Breastfeeding is one of the most magical parts of being a mother. It’s also one of the most difficult, stressful and heart wrenchingly rewarding and beautiful experiences I’ve ever gone through. The good, the bad, and the milky — this is my story.
Before having Poppy, I had always imagined that breastfeeding would be easy breezy. Something that came totally naturally and effortless. But then once I had her, I quickly learned otherwise.
For some moms, it happens without struggle… almost as natural as the rising sun. For me, well, YEAH, RIGHT! I friggin’ wish!
As it turns out, my experience would be the exact opposite. A roller coaster of emotions. The good, the bad, and the milky. To tell my story, I’ll start right after my birth story which took place at 7:05pm on Friday, May 29th 2020.
As I was holding my new wiggly baby after giving birth, I was in shock. It just didn’t feel real. It felt like an out of body experience.. Like I was tripping or something. I don’t know if it was the drugs or the mere disbelief that i could possibly grow something so amazing. But my brain did not compute.
But as I held her in my arms, bewildered, I looked over at my husband, Jeremy, who was sobbing his eyes out. I was still in shock. Still wide-eyed in wonder with dried eyes.
A few minutes later, the nurse came over, snapped me out of my stare and helped place our baby on my chest. From there, I watched Poppy wiggle her way down my chest. She found my nipple with ease. How?! I have no idea. But that’s when it hit me. That’s when her birth became real.
As I felt her little lips find my boob, and the first gentle suckling began, my eyes started to burn and fill with water. I finally started crying. For me, it was truly the moment that it all felt real. The happy tears were finally flowing and my brain started processing what we just went through.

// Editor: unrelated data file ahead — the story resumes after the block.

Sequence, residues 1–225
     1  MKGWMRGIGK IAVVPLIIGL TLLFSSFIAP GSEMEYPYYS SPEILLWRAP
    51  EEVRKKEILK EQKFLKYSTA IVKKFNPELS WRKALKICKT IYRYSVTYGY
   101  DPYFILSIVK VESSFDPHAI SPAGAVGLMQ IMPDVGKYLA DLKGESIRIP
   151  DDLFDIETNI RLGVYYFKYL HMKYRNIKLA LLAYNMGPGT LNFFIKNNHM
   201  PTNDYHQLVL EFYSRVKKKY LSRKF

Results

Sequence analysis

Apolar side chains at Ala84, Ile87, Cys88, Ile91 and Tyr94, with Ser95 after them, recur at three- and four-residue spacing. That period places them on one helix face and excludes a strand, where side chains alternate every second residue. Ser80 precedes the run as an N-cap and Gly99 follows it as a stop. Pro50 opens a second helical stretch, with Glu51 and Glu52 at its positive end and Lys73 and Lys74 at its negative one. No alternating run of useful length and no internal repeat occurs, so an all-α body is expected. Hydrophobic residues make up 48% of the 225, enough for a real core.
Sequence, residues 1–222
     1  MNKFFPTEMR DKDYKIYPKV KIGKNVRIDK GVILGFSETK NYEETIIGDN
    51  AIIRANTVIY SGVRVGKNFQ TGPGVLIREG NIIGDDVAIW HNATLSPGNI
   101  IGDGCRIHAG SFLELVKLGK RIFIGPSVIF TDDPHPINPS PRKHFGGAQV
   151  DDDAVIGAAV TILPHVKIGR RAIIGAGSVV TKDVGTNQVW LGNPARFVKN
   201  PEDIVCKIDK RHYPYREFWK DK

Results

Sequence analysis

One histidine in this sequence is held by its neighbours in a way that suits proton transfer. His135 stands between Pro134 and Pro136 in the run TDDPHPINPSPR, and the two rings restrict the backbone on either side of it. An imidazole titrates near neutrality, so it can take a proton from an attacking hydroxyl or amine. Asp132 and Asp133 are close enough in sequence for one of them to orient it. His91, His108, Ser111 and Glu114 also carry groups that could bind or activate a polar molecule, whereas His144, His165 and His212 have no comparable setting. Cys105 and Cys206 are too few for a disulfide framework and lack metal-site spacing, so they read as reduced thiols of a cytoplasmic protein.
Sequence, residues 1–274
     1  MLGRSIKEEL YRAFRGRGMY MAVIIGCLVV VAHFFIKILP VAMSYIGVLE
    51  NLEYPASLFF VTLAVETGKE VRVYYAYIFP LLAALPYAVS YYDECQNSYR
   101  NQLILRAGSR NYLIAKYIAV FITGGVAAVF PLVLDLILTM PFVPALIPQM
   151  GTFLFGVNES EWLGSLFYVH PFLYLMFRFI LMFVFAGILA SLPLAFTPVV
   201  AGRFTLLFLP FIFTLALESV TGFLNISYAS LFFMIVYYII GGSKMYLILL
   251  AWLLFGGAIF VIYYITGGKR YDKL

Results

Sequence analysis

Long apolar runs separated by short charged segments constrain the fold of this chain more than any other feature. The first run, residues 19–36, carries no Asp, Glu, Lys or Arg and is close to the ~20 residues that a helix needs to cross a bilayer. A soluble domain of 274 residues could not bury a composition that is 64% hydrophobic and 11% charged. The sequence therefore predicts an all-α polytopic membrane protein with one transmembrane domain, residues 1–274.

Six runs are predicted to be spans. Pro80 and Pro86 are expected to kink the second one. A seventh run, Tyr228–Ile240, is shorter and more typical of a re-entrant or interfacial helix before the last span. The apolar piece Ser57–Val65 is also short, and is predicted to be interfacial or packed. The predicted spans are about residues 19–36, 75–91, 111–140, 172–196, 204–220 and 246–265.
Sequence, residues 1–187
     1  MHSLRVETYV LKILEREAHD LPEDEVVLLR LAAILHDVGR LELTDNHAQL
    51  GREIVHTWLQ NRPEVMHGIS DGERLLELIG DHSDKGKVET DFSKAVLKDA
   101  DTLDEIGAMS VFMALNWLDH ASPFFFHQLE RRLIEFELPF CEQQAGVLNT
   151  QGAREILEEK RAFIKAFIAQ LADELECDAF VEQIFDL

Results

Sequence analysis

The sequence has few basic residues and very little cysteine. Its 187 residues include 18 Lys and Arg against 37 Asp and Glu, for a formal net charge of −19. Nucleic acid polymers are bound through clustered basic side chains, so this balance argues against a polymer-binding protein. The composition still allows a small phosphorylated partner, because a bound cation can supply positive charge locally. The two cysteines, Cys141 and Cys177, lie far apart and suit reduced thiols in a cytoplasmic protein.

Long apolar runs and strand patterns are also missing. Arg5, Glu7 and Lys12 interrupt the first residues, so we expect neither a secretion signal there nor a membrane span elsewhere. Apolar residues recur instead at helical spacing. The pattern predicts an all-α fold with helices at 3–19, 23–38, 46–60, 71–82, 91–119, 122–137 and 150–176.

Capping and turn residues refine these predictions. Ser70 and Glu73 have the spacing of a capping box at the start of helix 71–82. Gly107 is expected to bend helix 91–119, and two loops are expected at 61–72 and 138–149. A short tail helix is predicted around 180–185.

After a few minutes, Poppy pulled off my chest and snuggled me. I didn’t think anything was wrong with it but then out of nowhere, one of the nurses placed a nipple shield on me. I had never even heard of one so I just went with it. She latched again and fed a little longer on and off for the next 2 hours or so.
After all skin to skin time in the delivery room, they finally wheeled us to our new room. Poppy was sleepy and sweet and I was still excited yet totally wiped out and exhausted.
That very first night on our own was unbelievable easy. I was pooped but couldn’t fall asleep — hello adrenaline high! It’s all still kind of a blur but I remember putting her on my breast as she would fuss.
As soon as she would get the taste of colostrum, she was instantly soothed. I was relaxed and feeling great. Not going to lie, I actually felt like a superstar mother-of-the-year type was since I was nourishing my baby from my body with ease.
Early the next morning, the hospital lactation specialist stopped by and asked how we were doing. I said she was latching well and that I couldn’t really think of any questions… she said “Ok, great!” and just like that, she left the room.
Later that day, Poppy started crying harder than normal. Her “aaaa laaaa” that once made us laugh began to make us panic. At first, her cry was sweet like a little french angel… but then it changed. She became inconsolable. I would try to get her to latch but she would just scream. One of the nurses came in and reminded me of the nipple shield. Without really thinking I stuck it on and Poppy started nursing again. All was good in my mind. I was relieved and so was baby.